The intensity of your runs, what you are eating, and when can all impact the amount of fat that you burn during a run. The type of run you are doing, along with speed and body mass, all have an impact on how much calories you burn in a given amount of time, according to experts from Harvard. That is because if you consistently run the same distance and pace, your body will adjust, and eventually, you will burn less calories. You actually burn more fat walking or jogging slowly, instead of running faster.
If weight loss is your goal, then aerobic exercises (walking or running) burn a statistically significantly higher amount of fat. If you are running to lose weight, then in addition to burning fat, you also want to burn calories, and high-intensity training helps running burn more calories. When you start running, not only are you burning calories, but you are building muscle, which carries weight better than the fat you are burning. Generally speaking, the heavier and faster you run, the more calories you burn.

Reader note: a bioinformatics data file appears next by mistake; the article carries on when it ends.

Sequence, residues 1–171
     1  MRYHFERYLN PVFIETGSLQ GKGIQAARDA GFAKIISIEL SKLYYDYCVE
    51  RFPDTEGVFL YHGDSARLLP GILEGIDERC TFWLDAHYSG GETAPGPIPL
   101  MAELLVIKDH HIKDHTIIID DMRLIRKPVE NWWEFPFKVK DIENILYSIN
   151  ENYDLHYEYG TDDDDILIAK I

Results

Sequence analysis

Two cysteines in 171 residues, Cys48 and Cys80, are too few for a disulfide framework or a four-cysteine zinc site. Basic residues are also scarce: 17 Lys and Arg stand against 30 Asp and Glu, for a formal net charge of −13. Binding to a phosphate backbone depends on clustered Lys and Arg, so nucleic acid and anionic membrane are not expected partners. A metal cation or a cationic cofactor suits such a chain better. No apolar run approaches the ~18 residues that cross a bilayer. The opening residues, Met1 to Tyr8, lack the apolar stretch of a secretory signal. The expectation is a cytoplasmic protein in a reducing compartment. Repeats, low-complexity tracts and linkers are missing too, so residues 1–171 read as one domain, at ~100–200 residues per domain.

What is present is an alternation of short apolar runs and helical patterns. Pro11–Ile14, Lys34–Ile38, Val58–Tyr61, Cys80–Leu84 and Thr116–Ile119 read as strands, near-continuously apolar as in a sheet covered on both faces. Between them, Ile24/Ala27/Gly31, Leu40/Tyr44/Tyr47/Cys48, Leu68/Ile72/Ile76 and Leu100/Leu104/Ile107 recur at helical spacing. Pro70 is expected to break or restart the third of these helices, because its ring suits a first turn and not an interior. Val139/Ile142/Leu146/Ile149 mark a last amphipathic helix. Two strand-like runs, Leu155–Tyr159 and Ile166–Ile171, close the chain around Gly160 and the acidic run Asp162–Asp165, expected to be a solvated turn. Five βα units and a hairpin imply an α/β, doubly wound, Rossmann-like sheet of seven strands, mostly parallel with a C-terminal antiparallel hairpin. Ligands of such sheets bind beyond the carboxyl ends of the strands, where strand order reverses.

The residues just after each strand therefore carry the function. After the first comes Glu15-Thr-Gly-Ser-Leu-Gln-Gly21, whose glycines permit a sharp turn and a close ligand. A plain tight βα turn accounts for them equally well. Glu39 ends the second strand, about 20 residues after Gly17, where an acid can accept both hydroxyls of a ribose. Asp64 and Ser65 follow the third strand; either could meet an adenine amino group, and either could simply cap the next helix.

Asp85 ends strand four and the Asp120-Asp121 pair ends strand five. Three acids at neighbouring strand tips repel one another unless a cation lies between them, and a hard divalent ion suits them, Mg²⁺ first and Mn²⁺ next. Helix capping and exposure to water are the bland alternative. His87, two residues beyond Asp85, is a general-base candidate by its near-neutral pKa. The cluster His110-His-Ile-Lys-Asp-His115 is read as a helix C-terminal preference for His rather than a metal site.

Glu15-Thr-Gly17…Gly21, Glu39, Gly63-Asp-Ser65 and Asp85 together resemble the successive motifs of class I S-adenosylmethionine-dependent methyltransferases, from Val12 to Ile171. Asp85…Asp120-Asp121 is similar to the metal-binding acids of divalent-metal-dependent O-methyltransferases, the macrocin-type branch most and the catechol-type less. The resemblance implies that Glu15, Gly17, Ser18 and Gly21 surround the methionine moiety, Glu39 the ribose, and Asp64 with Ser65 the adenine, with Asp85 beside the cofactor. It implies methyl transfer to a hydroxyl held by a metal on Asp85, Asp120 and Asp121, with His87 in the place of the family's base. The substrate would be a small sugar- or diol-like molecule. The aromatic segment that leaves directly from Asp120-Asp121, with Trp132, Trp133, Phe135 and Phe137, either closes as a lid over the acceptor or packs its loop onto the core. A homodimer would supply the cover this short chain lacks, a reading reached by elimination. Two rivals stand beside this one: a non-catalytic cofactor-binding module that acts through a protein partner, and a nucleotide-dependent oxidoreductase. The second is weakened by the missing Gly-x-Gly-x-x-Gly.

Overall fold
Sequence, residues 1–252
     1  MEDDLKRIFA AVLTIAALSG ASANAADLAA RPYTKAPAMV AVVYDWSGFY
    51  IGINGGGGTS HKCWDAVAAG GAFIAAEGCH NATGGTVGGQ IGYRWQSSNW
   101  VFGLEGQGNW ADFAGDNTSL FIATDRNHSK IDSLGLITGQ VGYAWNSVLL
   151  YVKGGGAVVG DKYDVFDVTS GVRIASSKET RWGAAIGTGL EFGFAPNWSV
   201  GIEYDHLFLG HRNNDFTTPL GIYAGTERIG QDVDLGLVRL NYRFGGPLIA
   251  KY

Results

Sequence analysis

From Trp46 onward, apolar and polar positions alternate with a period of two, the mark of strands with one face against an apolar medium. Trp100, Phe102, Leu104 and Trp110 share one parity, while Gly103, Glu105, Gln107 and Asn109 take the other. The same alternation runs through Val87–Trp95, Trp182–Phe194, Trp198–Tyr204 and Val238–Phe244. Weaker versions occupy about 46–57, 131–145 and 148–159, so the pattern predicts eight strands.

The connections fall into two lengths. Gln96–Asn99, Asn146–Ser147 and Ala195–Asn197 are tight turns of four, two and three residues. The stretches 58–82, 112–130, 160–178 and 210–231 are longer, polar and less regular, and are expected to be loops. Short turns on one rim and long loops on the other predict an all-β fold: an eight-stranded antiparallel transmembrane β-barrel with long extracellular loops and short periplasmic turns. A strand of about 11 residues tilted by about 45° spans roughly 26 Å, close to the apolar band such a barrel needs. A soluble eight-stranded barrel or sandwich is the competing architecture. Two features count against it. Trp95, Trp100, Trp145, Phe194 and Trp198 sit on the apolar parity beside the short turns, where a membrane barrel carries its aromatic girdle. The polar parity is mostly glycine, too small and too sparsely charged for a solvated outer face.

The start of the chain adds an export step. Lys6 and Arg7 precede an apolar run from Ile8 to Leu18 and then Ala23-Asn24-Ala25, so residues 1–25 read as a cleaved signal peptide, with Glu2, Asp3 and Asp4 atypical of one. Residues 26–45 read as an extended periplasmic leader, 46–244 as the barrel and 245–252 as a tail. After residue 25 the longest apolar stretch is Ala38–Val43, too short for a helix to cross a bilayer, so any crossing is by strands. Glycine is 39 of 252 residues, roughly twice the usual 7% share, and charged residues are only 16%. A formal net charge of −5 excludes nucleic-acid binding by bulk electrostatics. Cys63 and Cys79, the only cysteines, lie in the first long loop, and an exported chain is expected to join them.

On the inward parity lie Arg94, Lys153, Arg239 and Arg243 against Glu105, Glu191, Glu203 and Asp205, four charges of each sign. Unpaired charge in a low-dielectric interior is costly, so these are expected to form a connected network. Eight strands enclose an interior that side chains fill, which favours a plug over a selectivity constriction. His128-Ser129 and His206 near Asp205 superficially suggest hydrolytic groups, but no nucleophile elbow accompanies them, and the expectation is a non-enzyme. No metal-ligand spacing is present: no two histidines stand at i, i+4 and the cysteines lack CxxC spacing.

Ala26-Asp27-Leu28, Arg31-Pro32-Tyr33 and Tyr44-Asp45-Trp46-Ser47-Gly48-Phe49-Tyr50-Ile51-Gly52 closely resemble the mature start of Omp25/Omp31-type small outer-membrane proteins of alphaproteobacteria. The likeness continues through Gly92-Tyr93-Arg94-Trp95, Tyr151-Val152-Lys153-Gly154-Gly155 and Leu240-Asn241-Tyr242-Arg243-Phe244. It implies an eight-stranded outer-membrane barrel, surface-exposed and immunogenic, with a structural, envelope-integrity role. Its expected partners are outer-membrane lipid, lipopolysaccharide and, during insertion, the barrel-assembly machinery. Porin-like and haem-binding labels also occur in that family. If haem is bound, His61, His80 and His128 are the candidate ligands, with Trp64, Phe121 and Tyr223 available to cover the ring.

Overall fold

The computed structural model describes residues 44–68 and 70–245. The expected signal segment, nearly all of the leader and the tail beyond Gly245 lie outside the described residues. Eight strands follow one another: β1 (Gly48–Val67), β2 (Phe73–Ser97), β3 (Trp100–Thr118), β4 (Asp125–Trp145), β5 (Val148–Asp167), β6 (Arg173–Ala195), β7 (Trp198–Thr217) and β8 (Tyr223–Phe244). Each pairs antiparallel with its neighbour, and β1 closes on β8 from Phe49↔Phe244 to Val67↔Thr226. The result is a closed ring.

Burning calories depends, in large part, on how much you weigh and how fast you run. In other words, you will burn through a higher percentage of fat compared to carbohydrates, but the overall fat burned may be lower than a higher-intensity run, since your total calories burned are lower. While both types effectively burn calories, the total number of calories lost through fat depends on which run you choose. A slower, lower-intensity run uses more fat as fuel, but takes longer to burn large numbers of calories overall.
Moderate-intensity runs will let you burn a higher percentage of fat, and you can sustain that kind of training over an extended period, but if you are crunched for time and have to run for shorter periods, a higher-intensity session will burn more energy, resulting in a larger caloric deficit. One of the biggest problems with simply running at a steady, moderate-intensity pace is that the calories burned are limited by how long you sweat. To burn more fat and calories, you are going to need to change your running routine up a bit and include a few new exercises — be they longer distances and slower speeds, or interval workouts.
While you can get by on a caloric deficit through exercising alone, running with high intensity routines puts your body under much more stress and increases your risk for unwanted injuries. Doing a vigorous workout will not only help you burn calories more quickly than running slowly, it can boost your metabolism — meaning that your body will keep burning fat well after you stop running. Studies have shown the post-burn effects from running at a high intensity for short periods significantly helps in long-term weight loss.